Tuesday, September 13, 2011

Turkey's Gambit of Challenging Israel
Nadene Goldfoot

Turkey's threatening Israel with their navy has resulted in the USA telling them that they can forget receiving the US Drones they want till they lift the threat on Israel.  I haven't heard support like this for some time.  NATO  can also step into the arena if they don't watch their threatening.  Turkey is not acting like a reliable NATO partner and has not yet achieved final acceptance status.  Both Canada and the USA belong to NATO besides 26 European states including Turkey (almost). 

Turkey is just impressing the Arabs about who is boss.  It's said that they're really a loose cannon by showing that they are the neighborhood bully.  Actually, their showing off their new colors is only a worry to  their Arab allies who had enough of the Ottoman Empire.  Again, Israel has become the scapegoat in Turkey's bid for power. 

Leaked sources tell us that 3 Turkish frigates aren't waiting for another flotilla confrontation but are already sailing for the Eastern Mediterranean Sea hoping to disarm Israeli warships.  That would be an attack on Israel, who is not a part of NATO.  NATO is a group that means that if one of their members are attacked, the others would come to their aid.  How will they behave when one of their members is the aggressor?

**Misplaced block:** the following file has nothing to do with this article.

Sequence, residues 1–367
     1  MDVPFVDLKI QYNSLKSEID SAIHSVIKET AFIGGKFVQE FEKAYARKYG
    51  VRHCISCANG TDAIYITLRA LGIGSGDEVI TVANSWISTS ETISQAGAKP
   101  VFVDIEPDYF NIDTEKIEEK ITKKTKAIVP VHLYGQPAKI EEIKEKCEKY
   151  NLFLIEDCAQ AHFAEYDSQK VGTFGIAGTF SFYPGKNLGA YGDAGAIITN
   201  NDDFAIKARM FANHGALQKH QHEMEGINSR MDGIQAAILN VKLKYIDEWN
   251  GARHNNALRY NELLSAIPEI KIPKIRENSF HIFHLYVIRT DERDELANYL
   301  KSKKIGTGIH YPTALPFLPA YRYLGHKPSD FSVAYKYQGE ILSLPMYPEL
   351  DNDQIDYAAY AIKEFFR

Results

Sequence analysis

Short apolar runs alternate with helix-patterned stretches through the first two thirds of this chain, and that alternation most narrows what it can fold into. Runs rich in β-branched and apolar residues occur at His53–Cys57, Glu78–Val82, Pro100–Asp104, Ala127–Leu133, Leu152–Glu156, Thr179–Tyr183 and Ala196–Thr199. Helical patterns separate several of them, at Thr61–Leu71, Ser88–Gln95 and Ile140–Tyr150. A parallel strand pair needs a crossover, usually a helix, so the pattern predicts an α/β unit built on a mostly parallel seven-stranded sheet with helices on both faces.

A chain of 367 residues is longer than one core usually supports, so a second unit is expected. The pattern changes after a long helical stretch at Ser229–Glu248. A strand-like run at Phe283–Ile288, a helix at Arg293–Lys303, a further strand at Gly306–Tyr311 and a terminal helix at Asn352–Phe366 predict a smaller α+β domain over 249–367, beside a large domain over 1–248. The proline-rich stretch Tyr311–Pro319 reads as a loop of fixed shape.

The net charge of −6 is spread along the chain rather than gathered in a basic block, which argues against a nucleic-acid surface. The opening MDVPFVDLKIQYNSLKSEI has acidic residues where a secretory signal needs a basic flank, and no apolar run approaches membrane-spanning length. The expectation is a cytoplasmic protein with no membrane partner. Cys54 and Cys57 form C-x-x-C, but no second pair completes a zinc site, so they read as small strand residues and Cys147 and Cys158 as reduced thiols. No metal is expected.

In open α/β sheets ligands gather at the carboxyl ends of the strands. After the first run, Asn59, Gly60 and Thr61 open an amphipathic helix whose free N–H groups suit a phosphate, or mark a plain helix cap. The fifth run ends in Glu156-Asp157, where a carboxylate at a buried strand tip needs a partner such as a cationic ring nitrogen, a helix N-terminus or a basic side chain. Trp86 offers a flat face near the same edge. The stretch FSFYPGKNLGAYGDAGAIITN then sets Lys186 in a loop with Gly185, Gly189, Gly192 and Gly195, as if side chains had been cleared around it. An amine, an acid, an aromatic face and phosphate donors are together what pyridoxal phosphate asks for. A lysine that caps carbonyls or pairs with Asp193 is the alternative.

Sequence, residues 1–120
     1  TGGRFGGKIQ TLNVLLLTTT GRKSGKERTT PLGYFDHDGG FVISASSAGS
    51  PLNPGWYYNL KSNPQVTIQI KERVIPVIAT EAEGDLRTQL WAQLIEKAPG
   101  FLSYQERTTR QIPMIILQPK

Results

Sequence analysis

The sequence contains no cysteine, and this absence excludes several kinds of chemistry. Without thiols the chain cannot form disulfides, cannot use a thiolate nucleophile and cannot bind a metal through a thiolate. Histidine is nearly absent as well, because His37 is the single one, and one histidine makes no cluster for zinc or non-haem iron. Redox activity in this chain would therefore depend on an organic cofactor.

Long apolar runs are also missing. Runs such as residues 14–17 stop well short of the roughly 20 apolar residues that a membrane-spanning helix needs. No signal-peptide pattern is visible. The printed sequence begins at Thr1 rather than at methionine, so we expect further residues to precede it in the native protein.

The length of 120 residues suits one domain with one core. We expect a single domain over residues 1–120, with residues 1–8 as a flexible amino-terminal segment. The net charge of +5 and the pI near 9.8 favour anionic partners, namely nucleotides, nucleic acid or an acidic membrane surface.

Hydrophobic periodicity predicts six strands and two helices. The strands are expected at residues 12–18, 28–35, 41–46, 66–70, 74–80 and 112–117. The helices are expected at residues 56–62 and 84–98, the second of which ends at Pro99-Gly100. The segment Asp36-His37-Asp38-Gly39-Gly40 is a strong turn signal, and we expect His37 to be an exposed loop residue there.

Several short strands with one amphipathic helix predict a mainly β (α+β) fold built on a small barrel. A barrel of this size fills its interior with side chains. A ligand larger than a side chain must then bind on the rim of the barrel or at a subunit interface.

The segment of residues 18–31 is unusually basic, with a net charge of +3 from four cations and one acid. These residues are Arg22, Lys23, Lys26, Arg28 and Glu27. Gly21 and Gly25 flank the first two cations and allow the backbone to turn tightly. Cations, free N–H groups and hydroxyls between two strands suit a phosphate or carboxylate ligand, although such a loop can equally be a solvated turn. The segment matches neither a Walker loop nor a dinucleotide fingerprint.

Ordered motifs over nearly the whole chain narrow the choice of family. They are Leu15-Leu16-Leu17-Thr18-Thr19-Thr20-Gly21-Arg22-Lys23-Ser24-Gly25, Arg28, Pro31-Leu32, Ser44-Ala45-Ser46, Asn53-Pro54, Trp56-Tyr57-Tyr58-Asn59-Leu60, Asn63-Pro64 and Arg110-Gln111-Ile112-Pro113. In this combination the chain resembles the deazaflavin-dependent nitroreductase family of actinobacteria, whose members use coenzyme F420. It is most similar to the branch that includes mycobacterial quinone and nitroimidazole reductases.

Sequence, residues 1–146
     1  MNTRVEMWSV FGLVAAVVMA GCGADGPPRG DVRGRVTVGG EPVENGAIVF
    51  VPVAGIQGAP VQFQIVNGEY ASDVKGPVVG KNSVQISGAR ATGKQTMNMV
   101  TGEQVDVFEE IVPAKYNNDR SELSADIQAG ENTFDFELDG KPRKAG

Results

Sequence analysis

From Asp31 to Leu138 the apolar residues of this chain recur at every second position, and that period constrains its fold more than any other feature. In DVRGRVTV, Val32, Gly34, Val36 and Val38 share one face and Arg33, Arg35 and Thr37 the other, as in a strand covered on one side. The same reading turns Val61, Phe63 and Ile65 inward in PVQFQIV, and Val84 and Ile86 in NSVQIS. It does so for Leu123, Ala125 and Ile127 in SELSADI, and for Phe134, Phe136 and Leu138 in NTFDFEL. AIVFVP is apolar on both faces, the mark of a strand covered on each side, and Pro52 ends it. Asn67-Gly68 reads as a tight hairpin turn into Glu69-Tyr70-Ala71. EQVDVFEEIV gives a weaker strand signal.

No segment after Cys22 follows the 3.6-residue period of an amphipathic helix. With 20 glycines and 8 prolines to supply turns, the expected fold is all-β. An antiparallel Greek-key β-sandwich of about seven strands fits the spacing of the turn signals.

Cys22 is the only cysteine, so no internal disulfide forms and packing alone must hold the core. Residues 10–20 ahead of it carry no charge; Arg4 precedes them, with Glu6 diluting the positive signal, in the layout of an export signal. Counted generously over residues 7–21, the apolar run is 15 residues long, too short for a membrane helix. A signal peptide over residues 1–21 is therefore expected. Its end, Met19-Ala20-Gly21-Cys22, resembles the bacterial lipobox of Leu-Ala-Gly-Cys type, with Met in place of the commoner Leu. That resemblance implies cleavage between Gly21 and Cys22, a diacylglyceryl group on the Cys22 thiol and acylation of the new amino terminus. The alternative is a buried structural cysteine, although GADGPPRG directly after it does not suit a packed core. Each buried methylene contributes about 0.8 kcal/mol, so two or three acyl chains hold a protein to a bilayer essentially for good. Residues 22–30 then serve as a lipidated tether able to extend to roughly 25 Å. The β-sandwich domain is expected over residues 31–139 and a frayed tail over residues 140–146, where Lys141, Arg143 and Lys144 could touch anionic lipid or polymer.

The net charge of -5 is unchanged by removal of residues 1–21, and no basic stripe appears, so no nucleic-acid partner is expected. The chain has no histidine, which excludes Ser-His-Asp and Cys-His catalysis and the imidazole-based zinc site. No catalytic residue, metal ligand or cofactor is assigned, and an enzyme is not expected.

August 17th was the start of a war in Northern Iraq that has not been on the scene between Turkey and the Kurds who are rebelling.  Kurdish people have been repressed by Turkey in a big way and have desired their own homeland since the 20's when the Ottoman Empire broke up.  Lately their group, the PKK, have been attacking Turkey.   Israel had sold Turkey 10 Herons (amazing modern looking jets) when they were friendly neighbors along with technicians to care for them, but of course Turkey had to expell these Israelis in their recent tantrums and now they are faced with technical problems with them and the situation has crippled the Turkish army.  These were going to be  used against the Kurds. 

Reference: http://www.debka.com/article/21297/
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